Regarding non-enzymic antioxidants, GSH is a critical determinant of tissues susceptibility to oxidative damage and the depletion of GSH has been shown to be associated with diabetic status [29]. The present study revealed a significant increase (P<0.01) in GSH level in heart, liver, and kidney homogenate tissues were observed in DFP group as compared to the DC group, the increase in GSH level may be due to the GSH synthesis or GSH regeneration, while these results disagree with Hussein et al. [30] who indicates that Flaxseed oil as a source of omega-3 fatty acids (mainly α-linolenic acid) enhanced omega-3 fatty acids to compete with omega-6 family for incorporation into cell membrane resulting in a reduction of arachidonic acid (omega-6) liberation from the cell membrane [31]. The reduction of arachidonic acid leads to a reduction of reactive oxygen species (ROS) and increasing antioxidant enzymes, while Pilar et al. [31] indicated that both flaxseed oil and flaxseed powder can positively affect enzymatic antioxidant defenses both in healthy and diabetic groups. Moreover, Han et al. [32] suggested that fiber flaxseeds would be valuable candidates as functional products and dietary supplements production owing to the higher bioactive values as well as flaxseeds oil.

In the present study, a positive correlation between hyperglycemia and hyperlipidemia was obtained. In diabetic rats (CD), serum TC, TG and LDL levels were found to be significantly (P<0.05) elevated whereas HDL levels decreased when comparing to C group. This hyperlipidemia occurs due to increased breakdown of lipid and free fatty acids from peripheral stores. Moreover, hyperlipidemia with elevated levels of triglycerides results in oxidative stress and inflammation which may independently potentiate the adverse effects of hyperglycemia [33]. In the present study the increased levels of blood glucose, TC, TG and LDL in STZ induced rats (DC) were significantly (P<0.05) lowered by the administration of DFP as compared to DC group. Moreover, DFP significantly (P<0.05) increases the level of serum HDL-c when compared to DC group, which is in the line with the findings of Kaur et al. [33] and Kaithwas and Majumdar [34]. While these results disagree with the findings reported by Paschos et al. [35] who found that flaxseed powder and flaxseed oil have the ability to lower blood cholesterol levels in vitro and in vivo studies on animal models.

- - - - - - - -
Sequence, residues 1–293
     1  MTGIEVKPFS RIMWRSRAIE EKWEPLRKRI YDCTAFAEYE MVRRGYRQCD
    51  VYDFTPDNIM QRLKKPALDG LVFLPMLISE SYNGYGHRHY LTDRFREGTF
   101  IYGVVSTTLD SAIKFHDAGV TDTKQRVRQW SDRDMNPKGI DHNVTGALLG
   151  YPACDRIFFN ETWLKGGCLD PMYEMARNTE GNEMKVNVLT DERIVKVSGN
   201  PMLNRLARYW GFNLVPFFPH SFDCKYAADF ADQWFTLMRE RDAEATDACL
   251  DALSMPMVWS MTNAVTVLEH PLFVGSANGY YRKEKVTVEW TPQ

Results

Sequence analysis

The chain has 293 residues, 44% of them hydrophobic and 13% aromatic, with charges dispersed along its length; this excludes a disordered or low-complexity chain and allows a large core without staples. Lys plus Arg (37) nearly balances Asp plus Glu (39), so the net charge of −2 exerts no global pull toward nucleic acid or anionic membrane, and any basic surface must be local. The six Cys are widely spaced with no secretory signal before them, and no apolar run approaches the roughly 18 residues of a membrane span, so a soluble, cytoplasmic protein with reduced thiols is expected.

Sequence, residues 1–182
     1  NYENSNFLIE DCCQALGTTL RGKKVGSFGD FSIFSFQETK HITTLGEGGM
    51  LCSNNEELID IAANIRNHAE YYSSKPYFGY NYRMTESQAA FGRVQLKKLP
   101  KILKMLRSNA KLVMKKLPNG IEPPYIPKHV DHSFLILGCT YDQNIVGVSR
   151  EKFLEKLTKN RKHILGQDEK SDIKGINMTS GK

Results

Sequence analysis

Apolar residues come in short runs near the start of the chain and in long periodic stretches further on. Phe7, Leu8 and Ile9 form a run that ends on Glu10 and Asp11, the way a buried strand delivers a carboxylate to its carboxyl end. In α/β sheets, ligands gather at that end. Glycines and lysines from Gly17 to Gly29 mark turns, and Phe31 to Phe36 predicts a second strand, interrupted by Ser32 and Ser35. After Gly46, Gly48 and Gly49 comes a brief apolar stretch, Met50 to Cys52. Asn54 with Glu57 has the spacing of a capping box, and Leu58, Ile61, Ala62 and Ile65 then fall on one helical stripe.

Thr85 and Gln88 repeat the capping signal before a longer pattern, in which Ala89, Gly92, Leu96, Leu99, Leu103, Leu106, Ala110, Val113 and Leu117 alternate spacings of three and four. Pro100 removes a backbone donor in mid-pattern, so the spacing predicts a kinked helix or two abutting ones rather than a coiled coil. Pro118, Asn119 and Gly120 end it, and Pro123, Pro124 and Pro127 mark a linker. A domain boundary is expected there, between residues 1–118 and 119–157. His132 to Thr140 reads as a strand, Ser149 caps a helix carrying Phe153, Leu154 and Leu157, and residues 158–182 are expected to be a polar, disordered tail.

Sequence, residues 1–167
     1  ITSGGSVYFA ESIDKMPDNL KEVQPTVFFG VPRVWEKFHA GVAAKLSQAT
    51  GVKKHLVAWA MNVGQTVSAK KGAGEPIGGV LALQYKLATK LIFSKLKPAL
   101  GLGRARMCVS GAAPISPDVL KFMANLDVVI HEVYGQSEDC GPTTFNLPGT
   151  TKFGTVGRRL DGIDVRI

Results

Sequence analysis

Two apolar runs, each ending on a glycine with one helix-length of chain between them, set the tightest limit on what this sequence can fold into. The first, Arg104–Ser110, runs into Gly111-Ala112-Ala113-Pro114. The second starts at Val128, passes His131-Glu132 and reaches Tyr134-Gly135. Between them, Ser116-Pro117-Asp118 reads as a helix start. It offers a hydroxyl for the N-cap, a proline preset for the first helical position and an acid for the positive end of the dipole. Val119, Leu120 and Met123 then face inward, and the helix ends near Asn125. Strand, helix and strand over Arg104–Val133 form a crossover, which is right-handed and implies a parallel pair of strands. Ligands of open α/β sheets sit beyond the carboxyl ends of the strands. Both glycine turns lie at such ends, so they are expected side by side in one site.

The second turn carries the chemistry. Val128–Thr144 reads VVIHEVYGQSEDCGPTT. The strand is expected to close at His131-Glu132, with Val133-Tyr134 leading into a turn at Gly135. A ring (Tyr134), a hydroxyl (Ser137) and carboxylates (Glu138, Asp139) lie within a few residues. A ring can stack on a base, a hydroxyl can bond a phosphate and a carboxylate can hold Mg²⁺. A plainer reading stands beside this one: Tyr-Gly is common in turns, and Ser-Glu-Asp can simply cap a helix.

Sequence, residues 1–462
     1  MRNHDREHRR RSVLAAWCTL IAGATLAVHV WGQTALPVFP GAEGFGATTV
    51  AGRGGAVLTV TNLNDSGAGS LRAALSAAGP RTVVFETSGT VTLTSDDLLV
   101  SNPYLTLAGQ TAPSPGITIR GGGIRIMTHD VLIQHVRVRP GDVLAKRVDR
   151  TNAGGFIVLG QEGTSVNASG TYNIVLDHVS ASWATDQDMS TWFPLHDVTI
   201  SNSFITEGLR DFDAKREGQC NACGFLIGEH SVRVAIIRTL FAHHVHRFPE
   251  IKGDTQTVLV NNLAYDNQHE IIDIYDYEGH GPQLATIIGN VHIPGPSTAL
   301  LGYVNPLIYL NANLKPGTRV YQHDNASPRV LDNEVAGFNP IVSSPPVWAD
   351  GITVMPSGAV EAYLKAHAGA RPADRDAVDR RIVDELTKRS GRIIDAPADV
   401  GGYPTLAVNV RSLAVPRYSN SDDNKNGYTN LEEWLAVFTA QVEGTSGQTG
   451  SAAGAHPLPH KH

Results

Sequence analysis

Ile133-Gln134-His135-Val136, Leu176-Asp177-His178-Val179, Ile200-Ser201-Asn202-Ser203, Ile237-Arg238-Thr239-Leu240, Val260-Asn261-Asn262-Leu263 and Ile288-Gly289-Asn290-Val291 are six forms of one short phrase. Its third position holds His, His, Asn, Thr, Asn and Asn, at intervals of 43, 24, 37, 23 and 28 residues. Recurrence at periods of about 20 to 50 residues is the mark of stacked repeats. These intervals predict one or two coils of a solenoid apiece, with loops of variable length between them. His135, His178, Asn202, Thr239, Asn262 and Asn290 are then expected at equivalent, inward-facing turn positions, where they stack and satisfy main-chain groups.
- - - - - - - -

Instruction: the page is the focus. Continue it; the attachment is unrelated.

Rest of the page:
Antihyperglycemic effect of flaxseeds powder can be attributed to the presence of Secoisolariciresinol diglucoside (SDG) [36]. SDG is the most abundant lignan in flaxseed. The lignan SDG is present in a greater quantity in the seed coat. In humans, ingested SDG is converted by bacteria in the colon to biologically active lignans enterodiol and enterolactone [37]. These SDG metabolites possess antioxidant activity and have been shown effectively inhibit the development of type 1 and 2 diabetes. On the other hand, such an effect of flaxseeds could be related to the partial regeneration or preservation of pancreatic β-cell mass after STZ treatment [38].

The antihyperlipidemic effect of flaxseed is attributed to flaxseed and its derivative flaxseed oil which are known rich sources of unsaturated fatty acids such as oleic acid, and linoleic acid, which in return play a crucial role in reducing blood cholesterol in both humans and rats [39]. Fixed oil as a precursor to omega-3 fatty acids also improve VLDL turnover. VLDL is converted to VLDL remnants, which may be rapidly cleared by LDL receptors in the liver or further metabolized to LDL. The antihyperlipidemic activity of fixed oil could possibly be attributed to, (i) increase in hepatic LDL receptor activity, (ii) increasing the clearance of LDL from plasma and acceleration of the uptake of VLDL remnants by the liver, allowing fewer of these particles to be converted to LDL and thereby reducing the rate of LDL formation and (iii) inhibition of HMG-COA reductase and subsequent reduction in production of TG and VLDL in the liver [40].

Interestingly, Movassat and Portha [41] recently found that conjugated linoleic acid and Omega-3 fatty acids can activate keratinocyte growth factor (KGF) expression. KGF can improve β-cell regeneration in rats with streptozotocin-induced diabetes. Thus, flaxseed supplementation could probably lead to increase KGF expression, thus contributing to pancreatic regeneration and/or preservation. Similar data were found in vivo in mice in which the dietary supplementation of conjugated linoleic acid and Omega-3 polyunsaturated fatty acids augmented insulin secretion partly because of increased islet glucose oxidation [42,43]. Thus, the supplementation of diet with flaxseed which provided linoleic and linolenic acid had a protective or regenerative effect on the endocrine pancreas.

The most important result of the present study was that diabetic rats, fed on 10% flaxseed powder diet (DFP) were able to partly recover from STZ-induced diabetes within 8 weeks compared to DC.

Conclusion

It can be concluded from the results that the administration of flaxseed powder has better antihyperglycemic and antihyperlipidemic effects. The study also suggests the responses in blood parameters in these animals are also demonstrated that flaxseed powder supplementation may act as both antioxidant agents as well as hypoglycemic agents. Moreover, flaxseed powder can be an excellent adjuvant support in the curative of diabetes mellitus and its complications in STZ induced diabetic rats.

References